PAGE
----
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SBJ/August 22 - 28, 2005/Media
NHL rights put OLN in big leagues
Published August 22, 2005
Comcast officials are downplaying the idea that Outdoor Life Network will compete directly with ESPN now that it has the NHL under contract, but all signs point to OLN transforming itself into a broadly positioned sports network that also will go after the NFL and possibly Major League Baseball.
New deal will give OLN rights to broadcast all playoff games not carried by NBC.
There’s also a penalty clause if OLN does not make a sizable jump in its distribution, currently in 64 million out of 90 million U.S. cable homes.
Comcast Corp. chief operating officer Steve Burke said he thinks adding the NHL will have a major impact on distribution within just the next few months.
“We happen to have a lot of deals that are up at the end of the year,” Burke said. “There’s no question we believe we’re going to be expanding the number of homes we’re going to be in, and there’s no question that when you add something like the NHL, you expect the licensing fees are going to go up.”
Asked if he believes OLN can equal ratings that ESPN and ESPN2 posted for hockey, NHL Commissioner Gary Bettman said: “Ultimately, yes. Not necessarily this year because we don’t have a schedule that was matched for what we were attempting to do, but I believe our ratings will be stronger over time.”
OLN President Gavin Harvey predicted OLN’s hockey ratings eventually will be “comparable” to ESPN’s, a 0.47 during the last NHL season.
Inside the NHL-OLN deal
|58 to 78 regular-season games per year on OLN; all playoff games not on NBC will be shown on OLN, using spillover channels when necessary.|
|A three-year deal, with a Comcast option for three additional years.|
|Either party can end the deal after two years.|
|Rights fees are $65 million, $70 million and $72.5 million, respectively, over the first three years.|
|Comcast guarantees $20 million worth of promotion per year.|
|All OLN games are exclusive to the network.|
|The Monday night OLN game will be the only NHL game of the night.|
|Two games per night will be streamed on Comcast broadband.|
|Comcast will have non-exclusive NHL VOD highlight rights and will carry the league-owned NHL Network on its cable systems.|
|Comcast regional sports networks will air NHL games from other cities, with permission of the club and its rights holder.|
|Comcast will pay the NHL $15 million if OLN lands an additional major sports property or if it fails to meet distribution targets.|
OLN will show NHL games mostly on Monday and Tuesday nights, as well as every playoff game not aired on NBC. Spillover channels will be used when multiple playoff games are played at the same time.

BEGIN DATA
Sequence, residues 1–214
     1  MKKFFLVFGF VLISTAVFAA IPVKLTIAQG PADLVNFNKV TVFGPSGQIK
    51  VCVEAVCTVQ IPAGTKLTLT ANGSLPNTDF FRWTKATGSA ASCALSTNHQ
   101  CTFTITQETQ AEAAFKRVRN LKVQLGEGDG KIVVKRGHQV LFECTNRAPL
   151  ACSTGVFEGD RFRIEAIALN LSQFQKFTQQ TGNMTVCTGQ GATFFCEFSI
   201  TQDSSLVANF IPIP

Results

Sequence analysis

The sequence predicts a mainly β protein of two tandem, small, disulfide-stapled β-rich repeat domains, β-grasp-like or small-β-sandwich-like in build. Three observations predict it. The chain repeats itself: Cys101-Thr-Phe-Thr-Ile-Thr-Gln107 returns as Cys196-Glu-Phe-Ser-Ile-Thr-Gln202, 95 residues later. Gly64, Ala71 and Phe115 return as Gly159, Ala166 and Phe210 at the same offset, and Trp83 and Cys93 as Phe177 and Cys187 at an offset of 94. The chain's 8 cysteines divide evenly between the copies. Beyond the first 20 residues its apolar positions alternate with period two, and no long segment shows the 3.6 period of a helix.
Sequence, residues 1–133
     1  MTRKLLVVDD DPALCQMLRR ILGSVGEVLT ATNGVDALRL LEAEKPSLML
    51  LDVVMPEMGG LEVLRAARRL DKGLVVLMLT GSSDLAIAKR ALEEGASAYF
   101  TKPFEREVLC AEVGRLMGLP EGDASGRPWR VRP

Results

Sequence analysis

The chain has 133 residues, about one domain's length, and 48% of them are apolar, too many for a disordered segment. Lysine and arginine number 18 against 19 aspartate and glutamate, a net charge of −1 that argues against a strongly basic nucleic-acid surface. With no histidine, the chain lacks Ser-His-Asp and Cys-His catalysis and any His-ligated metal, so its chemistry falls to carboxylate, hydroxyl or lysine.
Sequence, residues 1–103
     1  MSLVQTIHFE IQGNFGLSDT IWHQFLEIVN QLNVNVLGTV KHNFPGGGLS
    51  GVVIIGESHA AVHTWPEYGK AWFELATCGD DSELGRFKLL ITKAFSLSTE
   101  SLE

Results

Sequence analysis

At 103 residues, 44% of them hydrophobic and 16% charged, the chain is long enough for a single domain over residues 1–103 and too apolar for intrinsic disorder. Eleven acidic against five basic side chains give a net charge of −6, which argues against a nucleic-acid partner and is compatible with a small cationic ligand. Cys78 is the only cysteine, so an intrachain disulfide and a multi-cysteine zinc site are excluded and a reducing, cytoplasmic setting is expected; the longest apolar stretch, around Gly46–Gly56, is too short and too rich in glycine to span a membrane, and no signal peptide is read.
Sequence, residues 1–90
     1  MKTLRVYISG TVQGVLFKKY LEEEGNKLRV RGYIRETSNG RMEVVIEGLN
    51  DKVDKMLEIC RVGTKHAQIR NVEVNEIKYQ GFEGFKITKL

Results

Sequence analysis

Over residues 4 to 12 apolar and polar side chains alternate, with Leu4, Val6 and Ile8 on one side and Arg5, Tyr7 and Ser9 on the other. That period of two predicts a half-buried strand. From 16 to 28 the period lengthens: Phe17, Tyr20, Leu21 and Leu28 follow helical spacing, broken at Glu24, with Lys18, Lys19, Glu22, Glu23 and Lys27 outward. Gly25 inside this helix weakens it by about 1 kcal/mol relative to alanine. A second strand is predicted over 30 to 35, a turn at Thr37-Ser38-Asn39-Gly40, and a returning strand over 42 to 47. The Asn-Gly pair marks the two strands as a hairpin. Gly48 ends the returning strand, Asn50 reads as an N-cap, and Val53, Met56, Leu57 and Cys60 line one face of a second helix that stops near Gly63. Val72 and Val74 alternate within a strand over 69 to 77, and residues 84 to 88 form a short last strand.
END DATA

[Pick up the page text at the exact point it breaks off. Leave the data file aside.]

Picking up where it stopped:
In the second year of the deal, OLN will have a fully exclusive night on Mondays, with no other NHL games played other than one on OLN at 7 p.m. ET. It also will have games on Tuesdays and sometimes doubleheaders.
All of the OLN games, up to 78 during the regular season, will be exclusive to the network and not blacked out in the local markets. That’s nearly twice the 40 exclusive games that ESPN2 would have had if ESPN had exercised an option to continue its NHL contract. In the last NHL season, ESPN had only 20 exclusive games.
The greater number of exclusives take a chunk out of what regional sports networks can televise on a leaguewide basis, and the local rights fees that clubs can generate. The limit on how many games can be taken from any individual club increases only from six to eight, and no club can lose eight in two successive years, but more clubs will see the maximum number of games taken because of the larger overall number in the package.
The league and OLN both have options to pull out after the second year, and OLN has the option to extend for another three years once the first three are completed.
Other elements include Comcast launching the NHL Network, which has been on Canadian television for the last three years, on its cable systems, primarily through its optional sports tiers. Comcast’s regional sports networks also can pick up NHL games from other regionals, with the participating clubs and rights holders’ permission. Comcast will produce NHL video-on-demand products and can show up to two games per night via its broadband Internet platform.
The Professional Bull Riders saw its ratings tumble, but OLN offered additional telecasts.
OLN does not plan on changing its name to reflect the new programming mix, said Harvey, the network president. He described the NHL acquisition as just another example of adding more high-profile programming, following deals to bring “Survivor” reruns and the America’s Cup to the network.
But there is widespread belief in the sports television industry that the NHL deal marks a first step toward OLN becoming a broad sports network and a serious competitor for all major sports rights.
The network already has bid on the NFL Thursday-Saturday package and is considered the favorite to get those rights, according to multiple industry insiders. An MLB package is also up for grabs.
The ESPN business model is difficult to compete with. The network commands an industry-high licensing fee of about $3 per month per subscriber and generates major profits from “SportsCenter,” a show that is difficult to replicate. (Fox Sports Net learned that the hard way with its failed “National Sports Report.”)
The current sports rights fee market is largely structured around ESPN’s economics, so competing with the network on any level will be an expensive proposition.
ESPN President George Bodenheimer said ESPN won’t change its rights acquisition strategy just to keep OLN out.
“Certainly OLN is making moves to build their sports portfolio, and that certainly does make them a competitor,” he said. “I relish that, and our people will thrive on competition with them. It’s going to make us better. Game on.”